posted by jenfullmoon at 3:18 PM on December 5, 2011 [2 favorites]

Having a husband and children is no guarantee of a happy life. A preconceived notion of happiness is a recipe for disaster, especially if it comes with a timetable.
Life is complicated and messy and for the most part just happens.
Figure out what you enjoy, what you find satisfying, what excites you, what you are passionate about, what gives you comfort, etc. ad nauseum.
Don't define happiness and success by external things and don't confuse fulfillment with a mythical, perpetual state of bliss.
posted by provoliminal at 3:23 PM on December 5, 2011 [2 favorites]

I absolutely believe that it's possible to lead a fulfilled life without a husband/wife or children. I think the key to doing this isn't dooming yourself to the "Oh well I won't find anyone" but instead thinking "if I find someone I do, if I don't, them I am fine with this too."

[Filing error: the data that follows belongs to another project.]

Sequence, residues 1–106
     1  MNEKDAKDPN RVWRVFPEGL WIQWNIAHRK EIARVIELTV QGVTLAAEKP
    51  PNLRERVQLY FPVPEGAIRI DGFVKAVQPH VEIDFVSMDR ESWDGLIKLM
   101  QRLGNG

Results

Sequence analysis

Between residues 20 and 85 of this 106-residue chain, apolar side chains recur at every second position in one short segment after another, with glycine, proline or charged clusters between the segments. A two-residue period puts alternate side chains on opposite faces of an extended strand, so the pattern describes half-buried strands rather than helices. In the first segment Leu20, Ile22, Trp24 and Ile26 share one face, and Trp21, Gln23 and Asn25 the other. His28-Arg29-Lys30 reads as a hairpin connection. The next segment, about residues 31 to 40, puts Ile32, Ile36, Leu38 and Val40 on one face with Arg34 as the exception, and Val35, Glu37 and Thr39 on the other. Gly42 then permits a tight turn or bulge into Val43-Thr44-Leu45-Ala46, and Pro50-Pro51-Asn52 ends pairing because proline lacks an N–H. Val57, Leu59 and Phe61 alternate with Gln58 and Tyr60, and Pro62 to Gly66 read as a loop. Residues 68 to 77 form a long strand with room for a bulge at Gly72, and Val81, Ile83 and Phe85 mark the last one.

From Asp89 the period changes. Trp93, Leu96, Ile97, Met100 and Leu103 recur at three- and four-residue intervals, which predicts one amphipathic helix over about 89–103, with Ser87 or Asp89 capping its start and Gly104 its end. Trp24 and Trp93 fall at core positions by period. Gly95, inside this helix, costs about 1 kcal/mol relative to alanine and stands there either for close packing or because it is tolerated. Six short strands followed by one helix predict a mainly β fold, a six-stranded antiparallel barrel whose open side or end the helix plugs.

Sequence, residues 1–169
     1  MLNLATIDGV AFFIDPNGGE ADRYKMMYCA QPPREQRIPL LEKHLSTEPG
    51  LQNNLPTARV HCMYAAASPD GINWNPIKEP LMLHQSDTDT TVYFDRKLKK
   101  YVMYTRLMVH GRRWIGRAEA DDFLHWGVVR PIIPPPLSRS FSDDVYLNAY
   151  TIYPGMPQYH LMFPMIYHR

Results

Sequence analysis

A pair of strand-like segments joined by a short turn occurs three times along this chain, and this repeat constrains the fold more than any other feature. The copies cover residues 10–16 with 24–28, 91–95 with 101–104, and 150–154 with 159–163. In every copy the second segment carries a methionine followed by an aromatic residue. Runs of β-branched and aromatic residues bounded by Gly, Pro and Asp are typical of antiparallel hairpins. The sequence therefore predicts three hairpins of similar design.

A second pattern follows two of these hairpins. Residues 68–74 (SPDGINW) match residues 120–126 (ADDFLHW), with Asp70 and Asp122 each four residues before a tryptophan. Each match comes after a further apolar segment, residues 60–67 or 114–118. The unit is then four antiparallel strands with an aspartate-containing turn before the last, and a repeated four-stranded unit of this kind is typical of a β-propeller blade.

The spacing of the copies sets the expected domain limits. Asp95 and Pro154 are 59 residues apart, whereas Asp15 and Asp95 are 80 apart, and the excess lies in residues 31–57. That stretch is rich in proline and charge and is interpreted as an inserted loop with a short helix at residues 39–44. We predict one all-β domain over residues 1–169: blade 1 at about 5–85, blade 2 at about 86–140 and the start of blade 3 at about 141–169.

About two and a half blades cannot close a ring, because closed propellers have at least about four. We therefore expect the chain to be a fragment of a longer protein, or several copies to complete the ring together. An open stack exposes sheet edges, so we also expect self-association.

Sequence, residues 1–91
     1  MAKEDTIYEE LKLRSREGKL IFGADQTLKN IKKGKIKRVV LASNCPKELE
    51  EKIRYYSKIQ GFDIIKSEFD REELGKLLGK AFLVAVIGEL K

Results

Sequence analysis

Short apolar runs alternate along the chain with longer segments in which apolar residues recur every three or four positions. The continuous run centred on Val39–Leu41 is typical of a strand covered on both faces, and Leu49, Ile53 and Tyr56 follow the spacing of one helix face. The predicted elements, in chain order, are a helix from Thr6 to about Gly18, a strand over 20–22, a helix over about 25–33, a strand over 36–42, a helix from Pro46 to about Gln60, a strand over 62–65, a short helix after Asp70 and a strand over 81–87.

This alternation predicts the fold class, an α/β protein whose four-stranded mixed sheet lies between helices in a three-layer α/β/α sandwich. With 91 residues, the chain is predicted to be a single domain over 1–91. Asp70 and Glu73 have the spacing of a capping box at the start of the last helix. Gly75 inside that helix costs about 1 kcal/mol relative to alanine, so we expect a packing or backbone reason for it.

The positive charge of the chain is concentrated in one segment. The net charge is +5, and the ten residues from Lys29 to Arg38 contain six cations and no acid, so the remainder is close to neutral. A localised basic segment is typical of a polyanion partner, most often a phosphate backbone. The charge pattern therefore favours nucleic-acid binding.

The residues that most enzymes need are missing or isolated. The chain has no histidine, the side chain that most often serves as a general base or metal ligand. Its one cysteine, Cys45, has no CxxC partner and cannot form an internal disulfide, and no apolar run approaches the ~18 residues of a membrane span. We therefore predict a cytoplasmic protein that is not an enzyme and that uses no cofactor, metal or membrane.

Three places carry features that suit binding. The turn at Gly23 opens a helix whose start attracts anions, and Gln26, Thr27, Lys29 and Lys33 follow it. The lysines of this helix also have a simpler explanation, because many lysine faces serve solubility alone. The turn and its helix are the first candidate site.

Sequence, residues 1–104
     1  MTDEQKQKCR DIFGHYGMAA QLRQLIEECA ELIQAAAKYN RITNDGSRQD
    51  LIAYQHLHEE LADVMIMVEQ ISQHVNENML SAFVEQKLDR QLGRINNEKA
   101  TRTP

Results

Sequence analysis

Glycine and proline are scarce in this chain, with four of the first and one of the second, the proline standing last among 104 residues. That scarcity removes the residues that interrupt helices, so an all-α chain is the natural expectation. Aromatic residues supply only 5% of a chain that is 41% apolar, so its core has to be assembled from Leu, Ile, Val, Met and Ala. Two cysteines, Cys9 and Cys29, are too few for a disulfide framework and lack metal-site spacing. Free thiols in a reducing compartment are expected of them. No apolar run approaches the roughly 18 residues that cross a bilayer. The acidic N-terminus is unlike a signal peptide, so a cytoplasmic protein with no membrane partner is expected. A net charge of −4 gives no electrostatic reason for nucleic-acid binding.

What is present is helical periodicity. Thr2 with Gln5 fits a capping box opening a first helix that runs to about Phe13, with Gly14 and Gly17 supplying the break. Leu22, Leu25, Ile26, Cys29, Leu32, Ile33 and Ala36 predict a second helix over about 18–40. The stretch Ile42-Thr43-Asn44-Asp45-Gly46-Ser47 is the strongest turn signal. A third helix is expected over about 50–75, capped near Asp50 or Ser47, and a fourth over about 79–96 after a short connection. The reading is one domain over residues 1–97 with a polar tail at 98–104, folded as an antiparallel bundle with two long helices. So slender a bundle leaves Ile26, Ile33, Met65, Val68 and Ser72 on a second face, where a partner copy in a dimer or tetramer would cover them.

The best way to lead a fulfilling life in my opinion is to get and try to stay on your life path. Do a career that you enjoy, find hobbies that you enjoy, travel to places you want to go and meet with positive, engaging and wonderful people.

Keeping negativity and other people's bad/unhelpful/unnecessary opinions out of your daily life is also important.
posted by Ms. Moonlight at 12:32 AM on December 6, 2011